viewing the crime scene sample that was cut with Restriction Enzyme 1, both suspects

matched the pattern caused by the cleavage of Restriction Enzyme 1. On the other hand,

the crime scene sample that was cut with Restriction Enzyme 2 only matched one of the

suspects. The suspect 2 sample that was cut with Restriction Enzyme 2 seemed to match

the crime scene sample that was cut with Restriction Enzyme 2. The suspect 1 sample that

was cut with Restriction Enzyme 2 did not match the crime scene sample cut with

Restriction Enzyme 2. Thus, it could be expected that suspect 2 was the possible criminal.

Suspect 2 matched both samples of the crime scene when they were cut with the respective

restriction enzymes. However, suspect 1 only matched one of the samples.

When analyzing the image of the gel, it was concluded that suspect 2 was the

probable criminal. The suspect 2 sample matched the DNA from the crime scene when cut

with both restriction enzymes. However, this individual cannot be considered guilty based

on this evidence. The DNA matched from the scene could have been contaminated by an

unfortunate civilian who might have made contact with the sample, or even shed DNA

(Oleiwi et al., 2015). Nevertheless, the DNA samples collected from the crime scene could

have also been contaminated because of negligence when collecting the sample (Oleiwi et

al., 2015). While the produced image of the gel was able to match suspect 2 as the possible

criminal, some errors occurred during the experiment. While preparing the tubes labelled

1-4, incorrect measurements were used. The suspects samples contained 1.5 microliters

instead of 15 microliters of their respective DNA (Upadhyaya, 2017). Additionally, suspect

1 and 2 also had 1.5 microliters of the restriction enzymes used to cut them instead of the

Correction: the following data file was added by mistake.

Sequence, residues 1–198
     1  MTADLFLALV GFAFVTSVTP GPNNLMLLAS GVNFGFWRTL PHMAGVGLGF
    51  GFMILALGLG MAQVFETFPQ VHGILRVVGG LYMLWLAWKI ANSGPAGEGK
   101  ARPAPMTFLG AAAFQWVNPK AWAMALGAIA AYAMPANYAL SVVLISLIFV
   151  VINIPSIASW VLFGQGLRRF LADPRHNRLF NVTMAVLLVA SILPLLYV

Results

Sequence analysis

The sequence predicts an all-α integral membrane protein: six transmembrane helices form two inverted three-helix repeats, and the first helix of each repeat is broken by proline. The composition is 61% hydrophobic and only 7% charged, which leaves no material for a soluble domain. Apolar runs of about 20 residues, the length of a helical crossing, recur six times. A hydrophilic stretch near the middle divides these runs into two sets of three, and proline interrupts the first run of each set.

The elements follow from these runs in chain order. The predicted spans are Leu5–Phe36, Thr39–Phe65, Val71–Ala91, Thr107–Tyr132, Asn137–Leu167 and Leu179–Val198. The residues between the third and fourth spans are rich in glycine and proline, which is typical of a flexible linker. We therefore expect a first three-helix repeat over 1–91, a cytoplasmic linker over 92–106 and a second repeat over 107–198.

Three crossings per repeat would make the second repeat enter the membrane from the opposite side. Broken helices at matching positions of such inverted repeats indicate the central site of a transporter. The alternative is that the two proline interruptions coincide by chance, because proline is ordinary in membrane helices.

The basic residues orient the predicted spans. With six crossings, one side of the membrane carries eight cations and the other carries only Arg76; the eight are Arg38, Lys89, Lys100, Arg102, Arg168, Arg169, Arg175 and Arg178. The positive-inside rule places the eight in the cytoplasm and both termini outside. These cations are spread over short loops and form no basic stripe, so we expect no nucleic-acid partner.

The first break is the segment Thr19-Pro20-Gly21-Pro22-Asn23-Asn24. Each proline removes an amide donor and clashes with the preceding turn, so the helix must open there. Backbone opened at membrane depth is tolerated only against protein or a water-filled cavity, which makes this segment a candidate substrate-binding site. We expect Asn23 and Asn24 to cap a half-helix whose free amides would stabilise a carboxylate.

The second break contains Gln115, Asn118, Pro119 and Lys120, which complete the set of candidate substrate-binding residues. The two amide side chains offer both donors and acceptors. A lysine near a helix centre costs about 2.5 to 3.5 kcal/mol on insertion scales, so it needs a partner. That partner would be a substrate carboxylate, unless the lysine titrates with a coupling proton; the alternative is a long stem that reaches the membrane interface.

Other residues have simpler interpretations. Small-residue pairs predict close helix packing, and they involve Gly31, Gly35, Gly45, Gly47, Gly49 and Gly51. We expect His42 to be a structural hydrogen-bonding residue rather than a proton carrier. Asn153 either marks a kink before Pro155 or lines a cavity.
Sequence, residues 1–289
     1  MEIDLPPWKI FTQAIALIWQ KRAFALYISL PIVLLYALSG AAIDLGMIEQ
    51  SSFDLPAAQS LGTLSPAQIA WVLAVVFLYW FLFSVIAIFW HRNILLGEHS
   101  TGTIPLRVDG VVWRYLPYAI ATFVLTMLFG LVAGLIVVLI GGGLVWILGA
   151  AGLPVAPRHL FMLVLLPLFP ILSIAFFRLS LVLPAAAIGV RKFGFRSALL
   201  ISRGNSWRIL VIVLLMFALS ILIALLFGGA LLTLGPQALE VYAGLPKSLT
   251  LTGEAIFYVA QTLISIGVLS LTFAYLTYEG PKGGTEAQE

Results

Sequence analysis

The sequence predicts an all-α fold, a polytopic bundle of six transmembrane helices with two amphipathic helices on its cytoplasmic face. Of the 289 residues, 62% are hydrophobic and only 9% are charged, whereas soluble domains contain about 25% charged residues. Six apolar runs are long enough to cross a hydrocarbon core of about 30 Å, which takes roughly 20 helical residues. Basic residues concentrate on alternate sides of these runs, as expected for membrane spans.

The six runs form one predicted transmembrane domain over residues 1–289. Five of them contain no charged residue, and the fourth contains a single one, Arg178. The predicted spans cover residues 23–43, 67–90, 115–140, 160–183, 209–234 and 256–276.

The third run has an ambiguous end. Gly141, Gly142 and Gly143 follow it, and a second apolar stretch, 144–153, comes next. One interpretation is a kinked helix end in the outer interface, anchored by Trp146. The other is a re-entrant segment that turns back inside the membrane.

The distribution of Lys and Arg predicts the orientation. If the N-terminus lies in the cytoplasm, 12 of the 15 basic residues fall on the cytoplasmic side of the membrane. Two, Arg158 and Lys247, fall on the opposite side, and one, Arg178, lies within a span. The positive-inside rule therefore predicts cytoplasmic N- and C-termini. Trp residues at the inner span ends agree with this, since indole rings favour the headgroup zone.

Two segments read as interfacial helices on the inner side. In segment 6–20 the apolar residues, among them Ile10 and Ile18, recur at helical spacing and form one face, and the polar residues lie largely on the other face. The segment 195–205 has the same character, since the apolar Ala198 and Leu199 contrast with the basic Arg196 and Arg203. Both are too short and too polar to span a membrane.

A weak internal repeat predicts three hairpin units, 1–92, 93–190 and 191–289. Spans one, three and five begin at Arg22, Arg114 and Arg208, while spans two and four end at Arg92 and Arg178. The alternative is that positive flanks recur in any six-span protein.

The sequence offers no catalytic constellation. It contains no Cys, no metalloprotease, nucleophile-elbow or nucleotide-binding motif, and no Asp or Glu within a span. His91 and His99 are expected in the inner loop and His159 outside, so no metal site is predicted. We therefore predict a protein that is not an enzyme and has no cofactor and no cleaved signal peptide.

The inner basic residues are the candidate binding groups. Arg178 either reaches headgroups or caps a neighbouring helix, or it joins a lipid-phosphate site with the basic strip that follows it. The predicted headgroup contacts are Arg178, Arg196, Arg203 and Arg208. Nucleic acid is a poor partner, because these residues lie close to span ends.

required 15 microliters. Hence, the final volume of the suspects' samples were about 13

microliters instead of 40 microliters. This error arose because the micropipette was set to

1.5 microliters instead of 15 microliters. Nevertheless, the samples were still able to be

read efficiently. This experiment was crucial because DNA fingerprinting has a plethora

of uses. DNA fingerprinting is currently used to develop a DNA database, clarifying the

identification of specimens, and short tandem repeat analysis (Saad, 2005). The use of a

DNA database could help match a criminal's DNA with that of a crime scene if they are

registered in the database, and it could also confirm legal documents such as passports by

matching them with a fingerprint (Saad, 2005). Likewise, it could also be used to clarify

the identification of specimens that are shipped to a medical facility (Saad, 2005). The short

tandem repeat analysis allows scientists to compare samples of two individuals which is
useful during transplantations (Saad, 2005). Finally, DNA fingerprinting could even be

used for paternity testing, and even checking for hereditary diseases (Upadhyaya, 2017).

Nonetheless, fingerprinting has some weaknesses. While viewing the produced image of

the gel, it was evident that both suspects matched the crime scene when their samples were

cut with Restriction Enzyme 1. This issue is problematic because it does not allow for the

identification of one suspect. In order to clarify the results, using a second enzyme was

required. The second enzyme expanded the results, and increased the validity of the

experiment. When the suspects samples were cut with Restriction Enzyme 2, there was

only one match for the crime scene that was cut with Restriction Enzyme 2. Using two

restriction enzymes showed that the probable suspect was suspect 2. If Restriction Enzyme

1 was the only one used, it would have been impossible to identify the suspects. However,

because two enzymes were used, the results became tangible. The use of multiple

restriction enzymes is important for DNA fingerprinting because some samples could be

similar when cut with only one restriction enzyme. To clarify the results, the samples

should be able to match the model sample with various restriction enzymes. If not, it would

be difficult to assess which sample is the desired one when they both matched the model

sample. In this experiment, the model sample was the crime scene. In forensics, the use of

multiple restriction enzymes avoids incarcerating innocent bystanders because it increases

the accuracy of the results (Urry et al, 2016).


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Oleiwi, A., Morris, M., Schmerer, W., & Sutton, R. 2015. The relative DNA-shedding

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Saad, R. (2005). Discovery, development, and current applications of DNA identity

testing. The National Center for Biotechnology Information. [Online]. Available: [October 29, 2017].

Upadhyaya, A. 2017. Cellular Processes (BSC 2010L) Laboratory Manual. University of

South Florida Department of Biology, Tampa, Florida, 81 pps.